Shanghai Textbook Introduction

 

Maoist Economics and the Future of Socialism*

*This essay is excerpted, with the author’s permission, from Raymond Lotta, ed., Maoist Economics and the Revolutionary Road to Communism: The Shanghai Textbook on Political Economy (Chicago: Banner Press, 1994). (Download the PDF)

Maoist Economics and the Revolutionary Road to Communism: The Shanghai Textbook on Socialist Political Economy should be of interest to anyone who sees the present social order as cruel and unjust and has dreamed of the possibility of something fundamentally and radically different. For this book tells of a liberating socialism. It tells of a liberating economics. It tells of Maoism.

Can society be organized on a foundation other than that of exploitation, competition, and private gain? Are alienation, social fragmentation, and bureaucratic domination the unavoidable consequences of economic and technological development? What was probed and achieved in revolutionary China between 1949 and 1976 challenge deeply-held assumptions about what humanity is capable of. This book was written in 1975 and reflects the most advanced experience of socialist economics that the world has seen.

China’s socialist revolution began in 1949 with the countrywide seizure of power by the workers and peasants led by the Chinese Communist Party. The revolution passed through several important stages marked by changes in the ownership system, the creation of new socialist economic and institutional forms, and mass political campaigns and upheavals. China’s socialist revolution met defeat and came to an end in 1976 when a military coup overthrew working class power. In historical time, 27 years are scarcely a blip on the radar screen. But in terms of what was accomplished between 1949 and 1976, we’re dealing with something quite epochal. One-quarter of humanity had struggled heroically to forge a path to the future and had embarked on a journey of unparalleled political, economic, and social transformation. This book is part of that endeavor’s enduring legacy. This book is suppressed in China today!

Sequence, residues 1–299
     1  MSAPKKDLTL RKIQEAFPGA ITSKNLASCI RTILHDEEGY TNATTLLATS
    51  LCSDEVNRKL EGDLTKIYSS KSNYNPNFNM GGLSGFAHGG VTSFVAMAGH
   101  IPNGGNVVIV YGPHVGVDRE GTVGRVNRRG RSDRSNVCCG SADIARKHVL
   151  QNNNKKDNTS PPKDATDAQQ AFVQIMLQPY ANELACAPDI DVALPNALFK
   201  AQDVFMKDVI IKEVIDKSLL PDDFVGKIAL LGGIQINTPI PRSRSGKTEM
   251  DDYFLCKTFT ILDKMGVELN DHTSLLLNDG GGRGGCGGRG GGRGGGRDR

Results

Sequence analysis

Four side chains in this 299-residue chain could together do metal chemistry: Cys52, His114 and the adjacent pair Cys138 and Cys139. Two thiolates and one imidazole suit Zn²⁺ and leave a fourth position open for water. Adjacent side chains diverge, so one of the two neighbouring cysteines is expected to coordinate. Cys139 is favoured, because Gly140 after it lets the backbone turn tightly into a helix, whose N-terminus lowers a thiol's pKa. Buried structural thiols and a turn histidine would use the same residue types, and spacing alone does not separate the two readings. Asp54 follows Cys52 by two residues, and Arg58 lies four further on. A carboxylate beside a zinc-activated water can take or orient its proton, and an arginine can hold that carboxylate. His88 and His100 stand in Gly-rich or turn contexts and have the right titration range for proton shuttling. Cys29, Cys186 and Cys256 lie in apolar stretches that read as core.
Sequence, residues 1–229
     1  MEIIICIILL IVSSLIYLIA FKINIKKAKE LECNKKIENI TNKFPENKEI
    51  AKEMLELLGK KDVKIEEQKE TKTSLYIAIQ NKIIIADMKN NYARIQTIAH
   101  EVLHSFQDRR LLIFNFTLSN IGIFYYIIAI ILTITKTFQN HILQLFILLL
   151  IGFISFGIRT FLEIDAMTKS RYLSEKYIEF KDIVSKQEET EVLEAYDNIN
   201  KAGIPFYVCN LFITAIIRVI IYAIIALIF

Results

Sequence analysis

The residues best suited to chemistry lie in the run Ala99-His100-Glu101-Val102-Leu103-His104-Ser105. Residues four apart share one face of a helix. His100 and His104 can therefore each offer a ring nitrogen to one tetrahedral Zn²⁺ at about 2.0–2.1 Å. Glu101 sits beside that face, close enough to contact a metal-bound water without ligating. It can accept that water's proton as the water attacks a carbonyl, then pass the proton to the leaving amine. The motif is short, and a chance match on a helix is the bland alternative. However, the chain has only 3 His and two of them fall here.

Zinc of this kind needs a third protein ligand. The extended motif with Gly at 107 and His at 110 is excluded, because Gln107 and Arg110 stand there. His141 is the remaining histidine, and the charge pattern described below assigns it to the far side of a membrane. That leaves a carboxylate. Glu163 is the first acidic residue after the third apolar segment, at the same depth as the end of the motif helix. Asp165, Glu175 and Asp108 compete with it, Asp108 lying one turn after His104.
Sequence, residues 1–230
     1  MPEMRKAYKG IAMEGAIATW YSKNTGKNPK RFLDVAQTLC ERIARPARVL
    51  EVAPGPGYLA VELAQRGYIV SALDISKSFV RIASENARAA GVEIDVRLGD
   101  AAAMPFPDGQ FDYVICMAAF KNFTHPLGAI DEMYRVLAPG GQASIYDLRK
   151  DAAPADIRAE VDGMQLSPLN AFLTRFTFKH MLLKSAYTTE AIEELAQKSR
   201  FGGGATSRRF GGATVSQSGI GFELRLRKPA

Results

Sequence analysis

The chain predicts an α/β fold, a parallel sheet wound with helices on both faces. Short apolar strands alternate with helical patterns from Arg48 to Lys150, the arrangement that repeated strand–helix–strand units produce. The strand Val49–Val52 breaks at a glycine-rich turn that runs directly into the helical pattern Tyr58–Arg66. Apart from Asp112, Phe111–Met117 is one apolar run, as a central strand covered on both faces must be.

A liberating economics? You will search in vain in bourgeois economics for concern with, much less solutions to, great social problems such as poverty, inequality, or environmental degradation. Its compass is rather more narrow and self-justifying. There are the discourses on how the price mechanism leads to efficient allocation of resources—efficiency to what end and for whom never questioned; the idealized models of decisionmaking and “perfect competition” in a market economy that assume away the real (unequal) structure of economic and political power and paper over the real world of conflict (capitalist against worker, capitalist against capitalist, imperialist rival against imperialist rival); the mythology of “general equilibrium,” when in fact capitalism is a crisis-prone system that cannot secure full employment of resources and labor; and the arcane mathematical treatments of issues such as international trade that somehow can’t fit world hunger into the equations.